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Editorial | Letters

Letters: Life after coronavirus; Ige lacks leadership; Positive sides to lockdown

  • CINDY ELLEN RUSSELL / CRUSSELL@STARADVERTISER.COM
                                The Duke Kahanamoku statue was seen with no lei and no visitors on Monday.

    CINDY ELLEN RUSSELL / CRUSSELL@STARADVERTISER.COM

    The Duke Kahanamoku statue was seen with no lei and no visitors on Monday.

Many questions about life after coronavirus

What’s in our future post-COVID-19?

Before 9/11, who would’ve thought we’d have to take off our shoes in airports? After COVID-19, will our new normal mean having our temperatures taken before takeoff and again after landing?

Will our food service workers, including grocery-store staff, wear masks and gloves at all times? Will a decontamination process be required before taking public transportation or entering sporting events, schools and other public places? Telecommuting for all non-essential jobs? No more strolling the aisles of a store — only online shopping for drive-through pickup?

And under no circumstance can we take the risk of shaking hands or hugging friends again?

Julia Robertson

Kaaawa

 

Aircraft carrier captain a man of high morals

All salute Capt. Brett Crozier!

Crozier, the former captain of the USS Theodore Roosevelt, is an example of what our government isn’t — and doesn’t even understand (“Acting Navy boss submits resignation amid coronavirus uproar,” Star-Advertiser, Top News, April 7).

He is a man of morals, of honor, of compassion. He is a man who thinks of his responsibilities, rather than how he can get ahead. He is a man who still has a soul, rather than one who has sold it for a few pieces of (fake) silver.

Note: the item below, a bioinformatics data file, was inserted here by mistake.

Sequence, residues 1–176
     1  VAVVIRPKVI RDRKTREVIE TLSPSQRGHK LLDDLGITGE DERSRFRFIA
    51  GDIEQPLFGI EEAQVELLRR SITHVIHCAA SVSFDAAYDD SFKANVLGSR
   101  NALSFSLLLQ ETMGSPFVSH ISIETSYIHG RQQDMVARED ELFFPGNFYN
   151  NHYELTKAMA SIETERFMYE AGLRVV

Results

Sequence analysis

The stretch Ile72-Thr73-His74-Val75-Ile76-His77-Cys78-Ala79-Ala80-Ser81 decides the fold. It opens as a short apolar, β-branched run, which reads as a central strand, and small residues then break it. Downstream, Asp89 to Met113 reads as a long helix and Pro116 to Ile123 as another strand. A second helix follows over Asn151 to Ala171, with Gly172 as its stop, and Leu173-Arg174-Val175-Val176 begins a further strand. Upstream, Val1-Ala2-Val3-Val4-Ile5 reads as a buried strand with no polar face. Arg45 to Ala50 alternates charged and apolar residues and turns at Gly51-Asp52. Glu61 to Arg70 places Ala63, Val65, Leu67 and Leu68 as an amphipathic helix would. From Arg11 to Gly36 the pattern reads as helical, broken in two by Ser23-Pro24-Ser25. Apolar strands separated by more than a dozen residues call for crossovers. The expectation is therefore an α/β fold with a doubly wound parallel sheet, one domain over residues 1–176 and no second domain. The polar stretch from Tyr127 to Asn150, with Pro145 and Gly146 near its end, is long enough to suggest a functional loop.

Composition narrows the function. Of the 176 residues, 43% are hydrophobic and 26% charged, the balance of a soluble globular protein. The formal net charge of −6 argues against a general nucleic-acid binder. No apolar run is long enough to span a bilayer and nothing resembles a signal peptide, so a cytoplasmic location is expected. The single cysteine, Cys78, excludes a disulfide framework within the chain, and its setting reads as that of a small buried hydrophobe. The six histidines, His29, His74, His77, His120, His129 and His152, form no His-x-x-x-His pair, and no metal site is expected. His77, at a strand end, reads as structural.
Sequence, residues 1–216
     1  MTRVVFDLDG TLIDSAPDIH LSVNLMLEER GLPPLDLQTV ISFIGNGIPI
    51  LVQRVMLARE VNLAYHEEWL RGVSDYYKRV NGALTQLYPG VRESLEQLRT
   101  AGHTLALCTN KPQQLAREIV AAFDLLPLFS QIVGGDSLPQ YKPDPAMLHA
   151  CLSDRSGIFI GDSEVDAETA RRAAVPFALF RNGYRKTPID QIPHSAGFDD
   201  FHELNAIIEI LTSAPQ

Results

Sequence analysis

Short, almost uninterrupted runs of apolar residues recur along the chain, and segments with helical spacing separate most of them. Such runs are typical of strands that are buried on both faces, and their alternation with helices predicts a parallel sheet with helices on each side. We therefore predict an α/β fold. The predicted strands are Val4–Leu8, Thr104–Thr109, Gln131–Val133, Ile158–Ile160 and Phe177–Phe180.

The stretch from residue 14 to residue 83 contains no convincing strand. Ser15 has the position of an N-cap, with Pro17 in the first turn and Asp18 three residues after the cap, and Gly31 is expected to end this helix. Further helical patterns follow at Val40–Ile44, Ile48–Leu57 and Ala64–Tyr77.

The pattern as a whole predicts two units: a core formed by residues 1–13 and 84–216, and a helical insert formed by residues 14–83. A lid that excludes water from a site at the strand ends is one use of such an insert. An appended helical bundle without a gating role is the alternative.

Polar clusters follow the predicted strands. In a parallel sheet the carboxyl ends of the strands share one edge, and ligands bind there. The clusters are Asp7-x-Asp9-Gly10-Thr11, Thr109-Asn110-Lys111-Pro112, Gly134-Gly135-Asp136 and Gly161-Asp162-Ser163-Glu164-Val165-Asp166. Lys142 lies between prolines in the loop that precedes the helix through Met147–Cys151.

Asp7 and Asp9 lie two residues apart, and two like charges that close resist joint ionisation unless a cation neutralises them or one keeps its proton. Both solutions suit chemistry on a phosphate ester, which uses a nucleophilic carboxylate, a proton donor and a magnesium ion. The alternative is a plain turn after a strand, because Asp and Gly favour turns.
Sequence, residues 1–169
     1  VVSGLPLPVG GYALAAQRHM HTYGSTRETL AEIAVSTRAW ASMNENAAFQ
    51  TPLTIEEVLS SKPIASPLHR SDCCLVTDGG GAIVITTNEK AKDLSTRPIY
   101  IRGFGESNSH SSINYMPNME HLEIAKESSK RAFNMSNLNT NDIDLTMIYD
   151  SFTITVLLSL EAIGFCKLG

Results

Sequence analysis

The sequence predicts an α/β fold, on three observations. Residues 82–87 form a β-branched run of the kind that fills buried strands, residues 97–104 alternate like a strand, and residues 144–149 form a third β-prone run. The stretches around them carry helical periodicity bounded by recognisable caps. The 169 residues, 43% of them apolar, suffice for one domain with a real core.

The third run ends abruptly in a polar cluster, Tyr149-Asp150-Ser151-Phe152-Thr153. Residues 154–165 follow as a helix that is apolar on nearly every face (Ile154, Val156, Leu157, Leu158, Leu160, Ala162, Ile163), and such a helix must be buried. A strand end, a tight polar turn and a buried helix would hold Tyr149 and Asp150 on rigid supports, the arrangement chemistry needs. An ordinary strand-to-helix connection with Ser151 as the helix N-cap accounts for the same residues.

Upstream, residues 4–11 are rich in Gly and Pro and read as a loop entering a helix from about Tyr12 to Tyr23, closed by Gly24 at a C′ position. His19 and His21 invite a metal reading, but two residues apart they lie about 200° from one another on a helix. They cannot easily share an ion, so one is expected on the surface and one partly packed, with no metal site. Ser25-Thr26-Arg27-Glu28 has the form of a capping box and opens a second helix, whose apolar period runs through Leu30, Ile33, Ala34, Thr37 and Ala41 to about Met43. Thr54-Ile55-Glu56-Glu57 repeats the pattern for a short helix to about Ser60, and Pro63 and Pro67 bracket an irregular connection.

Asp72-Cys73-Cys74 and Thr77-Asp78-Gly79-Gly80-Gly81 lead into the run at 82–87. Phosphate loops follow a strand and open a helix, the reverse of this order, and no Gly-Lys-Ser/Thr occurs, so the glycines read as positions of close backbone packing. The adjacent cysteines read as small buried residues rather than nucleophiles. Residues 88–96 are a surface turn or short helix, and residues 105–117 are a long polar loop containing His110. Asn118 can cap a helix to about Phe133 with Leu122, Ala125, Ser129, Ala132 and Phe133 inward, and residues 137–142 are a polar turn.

Naturally, our government must punish him, not for what he did, but for who he is — and they aren’t.

Thomas Luna

McCully

 

Ige lacks leadership skills in time of crisis

Gov. David Ige’s uninspirational leadership style is underserving a populous that need strong guidance now. Too often he appears to be reactionary (versus proactive), indecisive (e.g., Thirty Meter Telescope), and sometimes exhibits poor aptitude (e.g., false missile alert).

I believe he has Hawaii’s best interest at heart and is truly doing the best he can, but in the next election, please carefully consider leadership qualities.

John White

Diamond Head

 

There are positive sides to COVID-19 lockdown

I hope people are thinking:

>> I can save a lot of money by not driving my SUV to work.

>> I don’t really need that cute blouse at the mall.

>> There’s a lot more local food when the tourists are gone.

>> Kleenex works like toilet paper.

Regina Gregory

Makiki

 

President fails to ensure supply of equipment

At a time when the president could have shown his strength and integrity, he has failed to lead the nation during this worldwide crisis.

He should have used the powers of the presidency to demand that all personal protective equipment, ventilators and other equipment needed for our front-line workers be made available immediately.

States bidding against states for ventilators is ridiculous. This could have been avoided if he took the necessary actions early.

He has failed as a president, and failed at being a human being.

William Pirtle

Waipahu


KINDNESS GOING VIRAL

Even in these days overshadowed by the coronavirus, bright spots exist. If you see kindness or positivity going on, share it with our readers via a 150-word letter to the editor; email it to letters@staradvertiser.com. We’ll be running some of these uplifting letters occasionally to help keep spirits up, as we hunker down. We are all in this together.


EXPRESS YOURSELF

The Honolulu Star-Advertiser welcomes all opinions. Want your voice to be heard? Submit a letter to the editor.

>> Write us: We welcome letters up to 150 words, and guest columns of 500-600 words. We reserve the right to edit for clarity and length. Include your name, address and daytime phone number.

>> Mail: Letters to the Editor, Honolulu Star-Advertiser 7 Waterfront Plaza, 500 Ala Moana, Suite 210 Honolulu, HI 96813

>> Contact: 529-4831 (phone), 529-4750 (fax), letters@staradvertiser.com, staradvertiser.com/editorial/submit-letter

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